Toyota’s 2017 Prius Prime aims to fill the needs of drivers who love the efficiency of the ubiquitous Prius but want the added benefit of a plug. As is the case with most hybrids, all-electric drive in the conventional Prius hybrid is limited to very short stretches with light pressure on the accelerator, otherwise it’s running on gasoline-electric hybrid power. The Prius Prime changes this with truly usable battery electric range before resorting back to hybrid propulsion.
Prime is a significant advance for Toyota as the company seeks to establish the highest conceivable standard for a plug-in hybrid, all packaged in edgy sci-fi styling. Think Blade Runner and you’re not far off, but in a clean Zen environment. Three distinct models of the Prius Prime are offered to fit varying tastes, including the Prime Plus at $27,100, the Prime Premium at $28,800, and the Prime Advanced at $33,100.
All Prime models share their silhouette with the Prius Hatchback but with unique front and rear end treatments. Prime is also 6.5 inches longer and just a bit lower and wider than the standard Prius model. To achieve increased front and rear head room, engineers lowered placement of the gasoline engine, electric motor, and seats. An additional benefit Toyota designers targeted was slippery aerodynamics, which they achieved with a coefficient of drag of just 0.25 – lower than most sports cars. Less wind resistance is an important element in achieving Prime’s exceptional fuel efficiency of 54 combined mpg as a hybrid and 133 MPGe when running on battery power. With an estimated driving range of 640 miles, Prime will outrun most anything for distance. EPA estimates an all-electric range of up to 25 miles.
We spent time behind the wheel of a fully-equipped Prime Advanced model on twisty mountain roads and highways to get a feel for Toyota’s new plug-in hybrid. Our test drive included stretches of high speed curves with little traffic, where we found the Prime Advanced doing quite well with good mid-range power while passing on two-lane roads. We’ve driven a friend’s first-generation 2016 Prius Plug-in Hybrid regularly over the past year and found it very efficient, but mundane and cumbersome on our own mountain road. A few fast turns into our drive instilled much more confidence in Toyota’s latest plug-in hybrid as we continued increasing our speed in turns.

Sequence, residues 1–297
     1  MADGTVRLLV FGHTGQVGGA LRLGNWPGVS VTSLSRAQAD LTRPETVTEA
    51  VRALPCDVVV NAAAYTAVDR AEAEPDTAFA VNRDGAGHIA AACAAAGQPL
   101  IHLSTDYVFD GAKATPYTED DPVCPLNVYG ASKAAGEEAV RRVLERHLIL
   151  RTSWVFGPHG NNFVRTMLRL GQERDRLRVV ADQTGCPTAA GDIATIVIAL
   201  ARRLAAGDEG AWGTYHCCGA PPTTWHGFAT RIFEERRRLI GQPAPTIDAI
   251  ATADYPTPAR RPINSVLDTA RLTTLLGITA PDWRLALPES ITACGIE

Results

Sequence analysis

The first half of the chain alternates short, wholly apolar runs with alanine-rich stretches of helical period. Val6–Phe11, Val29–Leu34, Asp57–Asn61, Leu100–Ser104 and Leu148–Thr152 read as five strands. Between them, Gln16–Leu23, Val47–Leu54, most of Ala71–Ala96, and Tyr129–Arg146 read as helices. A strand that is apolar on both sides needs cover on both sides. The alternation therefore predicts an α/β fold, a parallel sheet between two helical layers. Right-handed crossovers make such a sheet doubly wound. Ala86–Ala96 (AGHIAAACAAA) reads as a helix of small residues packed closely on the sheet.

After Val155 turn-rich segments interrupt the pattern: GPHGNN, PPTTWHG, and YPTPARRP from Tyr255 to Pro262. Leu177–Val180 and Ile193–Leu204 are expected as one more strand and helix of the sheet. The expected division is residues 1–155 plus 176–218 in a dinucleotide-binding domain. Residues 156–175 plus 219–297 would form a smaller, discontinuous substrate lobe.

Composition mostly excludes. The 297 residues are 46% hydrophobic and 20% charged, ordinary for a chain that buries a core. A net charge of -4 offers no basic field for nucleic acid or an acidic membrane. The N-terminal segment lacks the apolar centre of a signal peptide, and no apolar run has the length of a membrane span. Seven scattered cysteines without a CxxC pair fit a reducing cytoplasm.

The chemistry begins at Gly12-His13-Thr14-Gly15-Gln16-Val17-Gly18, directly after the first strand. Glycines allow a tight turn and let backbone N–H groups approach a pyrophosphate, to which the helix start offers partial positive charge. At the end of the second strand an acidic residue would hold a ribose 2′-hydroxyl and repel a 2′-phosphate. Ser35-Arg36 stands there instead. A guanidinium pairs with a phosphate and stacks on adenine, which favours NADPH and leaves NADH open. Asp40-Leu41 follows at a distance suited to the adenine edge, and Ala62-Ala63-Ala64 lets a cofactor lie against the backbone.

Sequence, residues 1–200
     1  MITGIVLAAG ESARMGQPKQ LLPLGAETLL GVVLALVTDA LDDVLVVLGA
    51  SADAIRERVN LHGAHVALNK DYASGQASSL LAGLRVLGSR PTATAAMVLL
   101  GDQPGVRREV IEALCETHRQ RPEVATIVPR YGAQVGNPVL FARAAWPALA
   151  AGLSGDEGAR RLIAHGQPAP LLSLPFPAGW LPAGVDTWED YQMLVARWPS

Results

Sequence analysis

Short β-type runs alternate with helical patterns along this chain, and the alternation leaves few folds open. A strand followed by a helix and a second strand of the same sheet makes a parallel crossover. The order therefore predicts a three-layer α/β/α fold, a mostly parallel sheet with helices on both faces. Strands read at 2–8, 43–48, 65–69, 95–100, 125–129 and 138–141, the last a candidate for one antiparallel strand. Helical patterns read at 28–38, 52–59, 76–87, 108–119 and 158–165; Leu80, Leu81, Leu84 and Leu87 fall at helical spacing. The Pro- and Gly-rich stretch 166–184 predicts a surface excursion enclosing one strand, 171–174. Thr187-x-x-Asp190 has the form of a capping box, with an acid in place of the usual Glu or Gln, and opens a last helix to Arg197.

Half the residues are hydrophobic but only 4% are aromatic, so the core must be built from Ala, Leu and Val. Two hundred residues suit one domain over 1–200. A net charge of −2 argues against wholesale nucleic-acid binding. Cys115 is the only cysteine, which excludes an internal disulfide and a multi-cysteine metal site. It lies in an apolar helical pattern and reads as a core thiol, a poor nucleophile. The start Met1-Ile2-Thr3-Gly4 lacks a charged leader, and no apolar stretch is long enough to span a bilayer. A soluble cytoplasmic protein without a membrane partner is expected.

The Prime’s major improvement in handling stems from a much more grounded feeling in turns, a nod to the Prime’s use of independent McPherson strut front suspension and double-wishbone rear suspension, with stabilizer bars front and rear. This is what some of the better-handling sports car utilize for their superior driving characteristics. Another significant change to enhance handling was moving the car’s 287 pound lithium-ion battery to the rear, with the weight transfer making a big difference in balanced handling. The only thing that holds you back from driving faster is the squeal of tires that are primarily designed for fuel economy.
Prime uses all-season P195/65/R15 tires mounted on 6.5J X 15 inch 5-spoke aluminum wheels. There are no optional wheel or tire choices and no spare. For tire repairs there is a repair kit and three years of 24-hour roadside assistance at no charge. Prime’s basic warranty is 36 month/36,000 miles with an additional 60 months covering the powertrain, with no mileage limitations. Hybrid-related components including the HV battery and modules are covered for 8 years/100,000 miles.
Toyota’s Hybrid Synergy Drive powers all Prius Prime models using a dual motor drive. This dual motor capability did not come with the addition of a second drive motor, but rather repurposing the drivetrain’s motor-generator (MG1) for additional use. In this configuration, a one-way clutch engages both MG1 and the car’s primary electric drive motor (MG2) for motive force, the first time MG1 has been used in this way. During deceleration, regenerative braking recaptures electrical energy through MG1 and stores this energy in the battery for later use. Energy is supplied to the motors via an 8.8 kWh lithium-ion battery pack. The gasoline engine used in this hybrid powertrain is a 1.8 liter, 95 horsepower Atkinson-cycle four- cylinder. Combined, the engine and motors deliver 121 net system horsepower.